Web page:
More than 14 years passed between Dave Matthews Band's 2001 show at Rich Stadium and the return of major outdoor stadium concerts in the Buffalo area. But these large-scale shows were a key part of the city's history of major concerts, especially during the glory days of rock-and-roll, and extensive renovations, beginning in 2012, gave the venue legitimacy again.
With Beyonce and Jay-Z announced as the latest major acts to play New Era Field, it's worth looking back at the four other concerts that have graced the home of the Buffalo Bills in the last two and a half years.
Here's a quick look at them:
*The Rolling Stones, July 11, 2015.
When Mick Jagger and friends rolled into town, Buffalo welcomed the Stones with open arms. Jagger and Charlie Watts stopped at the Darwin Martin House to much fanfare, then dusted off the Orchard Park stage for a rousing show.
Area rock-and-roll fans, many of whom have tailgated through the years at Bills games, didn't skip a beat, according to Tim O'Shei's pre-show report. News contributor Ben Siegel noted how "everyone dripped happily with sweat in the sublime Orchard Park evening heat" in his review, which you can read below.
*One Direction, Sept. 3, 2015.
This feels a little out of order, as the English boy band was announced prior to the Rolling Stones. The band's future was threatened when the announcement was made - founding member Zayn Malik had departed a few months prior - but that didn't stop fans from absolutely losing their minds when the news broke.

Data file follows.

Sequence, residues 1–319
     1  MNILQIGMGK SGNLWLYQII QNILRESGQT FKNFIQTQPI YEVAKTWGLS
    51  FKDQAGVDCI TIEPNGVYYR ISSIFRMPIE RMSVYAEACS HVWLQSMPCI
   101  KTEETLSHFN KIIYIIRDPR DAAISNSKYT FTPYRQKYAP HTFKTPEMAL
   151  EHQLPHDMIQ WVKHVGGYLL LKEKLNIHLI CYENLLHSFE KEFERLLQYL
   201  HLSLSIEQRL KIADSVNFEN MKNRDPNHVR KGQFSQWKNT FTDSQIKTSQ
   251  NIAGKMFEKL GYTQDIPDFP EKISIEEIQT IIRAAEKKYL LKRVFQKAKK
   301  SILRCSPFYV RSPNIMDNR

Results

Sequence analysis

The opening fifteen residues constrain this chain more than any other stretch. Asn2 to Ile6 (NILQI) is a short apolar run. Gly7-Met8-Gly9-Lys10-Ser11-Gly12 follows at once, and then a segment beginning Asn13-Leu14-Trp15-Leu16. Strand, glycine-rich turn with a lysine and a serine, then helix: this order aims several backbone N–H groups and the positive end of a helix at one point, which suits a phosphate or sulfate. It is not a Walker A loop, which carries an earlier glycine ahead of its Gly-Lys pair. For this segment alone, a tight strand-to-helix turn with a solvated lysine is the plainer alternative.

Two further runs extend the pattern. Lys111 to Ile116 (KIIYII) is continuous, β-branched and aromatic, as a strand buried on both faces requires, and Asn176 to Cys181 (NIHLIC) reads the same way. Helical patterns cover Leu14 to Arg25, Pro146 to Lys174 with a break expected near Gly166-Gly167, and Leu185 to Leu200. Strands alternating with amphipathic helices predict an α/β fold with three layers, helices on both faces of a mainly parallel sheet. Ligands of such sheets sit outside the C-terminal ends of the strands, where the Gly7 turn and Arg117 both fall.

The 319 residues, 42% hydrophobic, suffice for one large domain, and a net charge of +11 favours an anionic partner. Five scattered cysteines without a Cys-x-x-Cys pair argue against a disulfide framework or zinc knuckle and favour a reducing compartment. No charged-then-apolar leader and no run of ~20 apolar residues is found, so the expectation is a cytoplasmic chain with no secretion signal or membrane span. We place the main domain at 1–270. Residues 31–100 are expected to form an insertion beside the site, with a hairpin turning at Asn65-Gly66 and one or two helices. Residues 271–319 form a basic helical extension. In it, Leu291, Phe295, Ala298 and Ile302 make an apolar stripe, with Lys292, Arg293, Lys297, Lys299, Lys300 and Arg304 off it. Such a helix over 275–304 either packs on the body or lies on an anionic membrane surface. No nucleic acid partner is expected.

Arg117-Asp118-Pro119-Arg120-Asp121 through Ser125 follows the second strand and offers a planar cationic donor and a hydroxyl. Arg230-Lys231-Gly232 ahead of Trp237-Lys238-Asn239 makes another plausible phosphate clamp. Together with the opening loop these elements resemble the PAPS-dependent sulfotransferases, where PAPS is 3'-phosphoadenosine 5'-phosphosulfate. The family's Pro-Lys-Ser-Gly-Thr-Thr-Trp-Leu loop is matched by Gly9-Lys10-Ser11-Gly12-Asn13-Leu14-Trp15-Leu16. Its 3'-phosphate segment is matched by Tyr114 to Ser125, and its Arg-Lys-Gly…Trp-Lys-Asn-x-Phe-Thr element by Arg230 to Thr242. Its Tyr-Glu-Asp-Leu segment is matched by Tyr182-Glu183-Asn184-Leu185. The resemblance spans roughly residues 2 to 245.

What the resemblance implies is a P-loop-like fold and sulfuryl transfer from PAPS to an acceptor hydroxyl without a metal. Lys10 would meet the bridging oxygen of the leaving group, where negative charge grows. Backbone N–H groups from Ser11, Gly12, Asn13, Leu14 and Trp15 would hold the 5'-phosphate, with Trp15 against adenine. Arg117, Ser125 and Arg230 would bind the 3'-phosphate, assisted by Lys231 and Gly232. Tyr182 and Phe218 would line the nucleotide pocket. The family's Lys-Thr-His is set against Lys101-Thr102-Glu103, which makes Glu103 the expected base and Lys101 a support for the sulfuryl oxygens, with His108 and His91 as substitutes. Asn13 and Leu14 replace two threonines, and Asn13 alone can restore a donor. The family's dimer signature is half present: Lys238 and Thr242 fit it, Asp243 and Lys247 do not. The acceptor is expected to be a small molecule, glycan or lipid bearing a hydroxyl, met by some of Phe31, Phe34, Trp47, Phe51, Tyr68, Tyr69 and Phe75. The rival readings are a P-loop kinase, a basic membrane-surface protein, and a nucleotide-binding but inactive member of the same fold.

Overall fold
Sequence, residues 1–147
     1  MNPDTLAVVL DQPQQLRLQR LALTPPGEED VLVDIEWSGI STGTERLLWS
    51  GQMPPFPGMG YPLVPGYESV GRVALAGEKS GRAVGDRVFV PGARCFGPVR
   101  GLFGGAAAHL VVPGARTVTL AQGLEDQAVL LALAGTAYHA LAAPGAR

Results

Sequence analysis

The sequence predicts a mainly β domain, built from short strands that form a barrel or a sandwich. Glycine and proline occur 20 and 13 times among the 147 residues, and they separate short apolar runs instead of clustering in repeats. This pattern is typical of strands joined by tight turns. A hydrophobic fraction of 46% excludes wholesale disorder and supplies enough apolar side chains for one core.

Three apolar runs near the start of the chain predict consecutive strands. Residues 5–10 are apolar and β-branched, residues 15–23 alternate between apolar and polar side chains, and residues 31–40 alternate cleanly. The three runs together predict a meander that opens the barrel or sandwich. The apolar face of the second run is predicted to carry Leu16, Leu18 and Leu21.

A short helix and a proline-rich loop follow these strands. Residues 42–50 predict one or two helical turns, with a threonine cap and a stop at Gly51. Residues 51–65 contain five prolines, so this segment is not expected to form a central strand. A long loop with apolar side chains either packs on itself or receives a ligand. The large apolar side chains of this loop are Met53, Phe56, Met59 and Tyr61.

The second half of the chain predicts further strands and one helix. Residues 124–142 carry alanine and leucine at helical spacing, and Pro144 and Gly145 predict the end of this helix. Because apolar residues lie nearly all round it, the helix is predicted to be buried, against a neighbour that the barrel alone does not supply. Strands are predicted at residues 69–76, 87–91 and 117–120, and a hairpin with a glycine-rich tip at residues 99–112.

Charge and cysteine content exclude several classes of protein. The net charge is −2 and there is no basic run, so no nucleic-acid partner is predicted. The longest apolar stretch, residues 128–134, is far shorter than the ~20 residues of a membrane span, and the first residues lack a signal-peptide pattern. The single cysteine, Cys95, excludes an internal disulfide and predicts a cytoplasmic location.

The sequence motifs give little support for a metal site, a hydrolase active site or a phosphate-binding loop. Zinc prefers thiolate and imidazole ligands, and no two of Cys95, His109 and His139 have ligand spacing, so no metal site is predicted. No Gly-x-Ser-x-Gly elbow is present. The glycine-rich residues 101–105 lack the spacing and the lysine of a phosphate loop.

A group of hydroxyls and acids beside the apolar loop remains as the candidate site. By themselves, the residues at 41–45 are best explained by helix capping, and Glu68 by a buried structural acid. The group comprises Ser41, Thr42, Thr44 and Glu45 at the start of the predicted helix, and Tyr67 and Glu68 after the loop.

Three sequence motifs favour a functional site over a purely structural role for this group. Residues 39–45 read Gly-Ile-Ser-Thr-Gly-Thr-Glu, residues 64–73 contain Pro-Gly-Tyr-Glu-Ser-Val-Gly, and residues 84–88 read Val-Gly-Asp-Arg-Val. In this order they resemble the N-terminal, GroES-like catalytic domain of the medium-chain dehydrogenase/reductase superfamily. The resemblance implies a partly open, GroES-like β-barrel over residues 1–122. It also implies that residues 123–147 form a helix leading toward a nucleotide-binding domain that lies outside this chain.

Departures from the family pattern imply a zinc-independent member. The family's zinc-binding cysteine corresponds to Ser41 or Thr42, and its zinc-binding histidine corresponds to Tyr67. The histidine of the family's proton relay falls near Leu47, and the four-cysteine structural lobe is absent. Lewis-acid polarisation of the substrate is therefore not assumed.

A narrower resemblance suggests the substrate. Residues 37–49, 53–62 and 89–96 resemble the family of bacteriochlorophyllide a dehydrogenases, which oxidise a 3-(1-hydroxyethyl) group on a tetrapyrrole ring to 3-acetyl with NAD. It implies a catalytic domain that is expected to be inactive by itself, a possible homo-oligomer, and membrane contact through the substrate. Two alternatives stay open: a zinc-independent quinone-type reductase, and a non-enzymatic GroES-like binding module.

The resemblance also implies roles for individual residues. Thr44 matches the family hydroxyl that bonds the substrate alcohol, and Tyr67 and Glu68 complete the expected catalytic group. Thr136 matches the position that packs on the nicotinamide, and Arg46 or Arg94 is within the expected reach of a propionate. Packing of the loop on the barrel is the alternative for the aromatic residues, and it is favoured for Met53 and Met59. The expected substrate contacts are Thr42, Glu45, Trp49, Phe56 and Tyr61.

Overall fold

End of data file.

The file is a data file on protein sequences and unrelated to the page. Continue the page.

Harry Stylez and the remainder of the band from brushed off the break-up rumors and putting on a lively show.
*Guns N' Roses, Aug. 16, 2017.
Slash's electric guitar solo from "Welcome to the Jungle" reverberated throughout New Era Field last year as Guns N' Roses - and the familiar face of lead singer Axl Rose - overcame doubts that the band was a shell of its prime. (OK, maybe it wasn't as pulsating and voyeuristic as the 1992 show at Rich Stadium, but no one said staying fresh after 25 years was easy.)
Security measures have tightened through the years, too, and The News' Toni Ruberto put together a post of what you can and cannot bring into the venue.
*U2, Sept. 5, 2017.
Roughly two weeks after Axl Rose proved he had pipes left, Bono strutted into the confines of New Era Field and breezed through 1987 album "The Joshua Tree" after opener Beck set the stage.
U2's message still resonated three decades later, although it might relate-able in different ways, News contributor Michael Farrell wrote.
"Love. Longing. Loss. Exploration of spirituality, condemnation of war and admonishing the scourge of drug abuse. The themes explored 30 years ago still are just as relevant today, albeit reassigned to new relationships, leadership and abuses."
Browse David DeLuca's gallery of smiling fans before the show, which provided comfortable tailgating weather.